Matzah represents the first three expressions—G‑d’s inter­vention on behalf of the Jewish people when they were “flat,” passive. The four cups of wine represent the fourth expression—becoming a nation, the active role and commitment of the Jews.

There’s another way to differentiate between the three matzahs and the four cups of wine. Three represents potential; four represents the development of that potential.

In the liberation of the Jews from Egypt, G‑d represents three: investing His potential in the Jewish people with the three expressions of redemption. Four represents the Jewish people, who complete the process.

Potential (three) can also be represented by the father, the investor of potential, with the developer (four) represented by the mother.

We can now understand why there were three fathers and four mothers. The father (the investor of the potential) provides the seed, and the mother (the developer) takes and refines it. The father is the biological benefactor and the mother the biological beneficiary. The father is therefore represented by three. The three Patriarchs are the gimmel, the giver, the third letter of the alef-beis. The mother, the receiver and beneficiary, is represented by the dalet, the four Matriarchs. Once the poten­tial is realized (i.e., the child is born), one can rejoice. The symbol of rejoicing is wine, represented by four and cor­responding to the four mothers.

So the mother not only receives the seed, she develops it. In practical terms, one must first acknowledge the kernel of an idea in order to expound on it. At the Pesach Seder we acknowl­edge the fact that G‑d took us out of Egypt. We thank G‑d by drinking four cups of wine, asking four questions, and speaking about the four children. With four, we appreciate all that has happened to bring us to this day—including our own participation in bringing it to a new level. But to represent G‑d’s participation alone in taking us out of Egypt, we eat only three matzahs. For at the moment when G‑d took us out, the future of the Jewish people lay only in potential. We were in a state of matzah; inactive vessels in a state of spiritual poverty. Through our efforts, we brought three to four—potential to actuality.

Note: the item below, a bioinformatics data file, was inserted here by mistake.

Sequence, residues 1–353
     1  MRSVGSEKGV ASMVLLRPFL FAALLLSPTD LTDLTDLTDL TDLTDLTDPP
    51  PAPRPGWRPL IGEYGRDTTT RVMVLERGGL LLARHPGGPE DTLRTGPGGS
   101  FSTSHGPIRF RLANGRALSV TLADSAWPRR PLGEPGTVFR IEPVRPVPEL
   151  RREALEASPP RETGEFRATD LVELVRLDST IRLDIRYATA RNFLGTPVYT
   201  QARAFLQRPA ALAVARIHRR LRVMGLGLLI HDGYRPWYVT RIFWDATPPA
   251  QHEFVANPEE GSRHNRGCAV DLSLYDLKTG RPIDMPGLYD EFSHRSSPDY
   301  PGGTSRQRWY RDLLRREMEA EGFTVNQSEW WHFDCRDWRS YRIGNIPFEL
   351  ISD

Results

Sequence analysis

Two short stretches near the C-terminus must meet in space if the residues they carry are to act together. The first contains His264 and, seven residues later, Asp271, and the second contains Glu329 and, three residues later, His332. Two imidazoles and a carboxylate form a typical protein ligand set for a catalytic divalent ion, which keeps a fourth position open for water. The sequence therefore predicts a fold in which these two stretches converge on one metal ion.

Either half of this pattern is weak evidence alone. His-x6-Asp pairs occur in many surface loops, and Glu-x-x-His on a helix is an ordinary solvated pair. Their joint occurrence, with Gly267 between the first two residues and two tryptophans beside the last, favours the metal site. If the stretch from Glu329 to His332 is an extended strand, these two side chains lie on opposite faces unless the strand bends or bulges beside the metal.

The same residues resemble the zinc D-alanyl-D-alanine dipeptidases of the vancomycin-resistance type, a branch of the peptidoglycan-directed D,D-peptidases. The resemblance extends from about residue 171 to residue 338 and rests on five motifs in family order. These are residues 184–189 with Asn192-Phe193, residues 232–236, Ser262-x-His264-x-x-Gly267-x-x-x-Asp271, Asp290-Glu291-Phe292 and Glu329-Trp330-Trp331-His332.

Meaning

The meaning of dalet is delet, a “door.” It also means dal, a poor person. Finally the word dalet represents dilisoni, which means “to lift me up.” How do these three definitions work together? The convergence occurs when every individual realizes that he or she is poor. This poverty doesn’t necessarily denote a state of financial want. Rather it means that everything a person “owns” in fact belongs to G‑d. G‑d has been kind enough to give us life. G‑d has been kind enough to give us sustenance. Without G‑d, we have nothing. The acknowledgment of this is the door into G‑d’s chamber. And once we enter that chamber G‑d will lift us up—dilisoni—to bless us with life, health, sustenance and success. In Psalm 30 of the Book of Psalms, King David tells us, “I praise G‑d because He lifts me up (dili­soni).” If we turn this phrase around, we could say dilisoni—“Because G‑d lifts me up, I praise Him.” In this expression, G‑d lifts me up by giving me the skills to be productive. This enables me to praise Him from a higher level.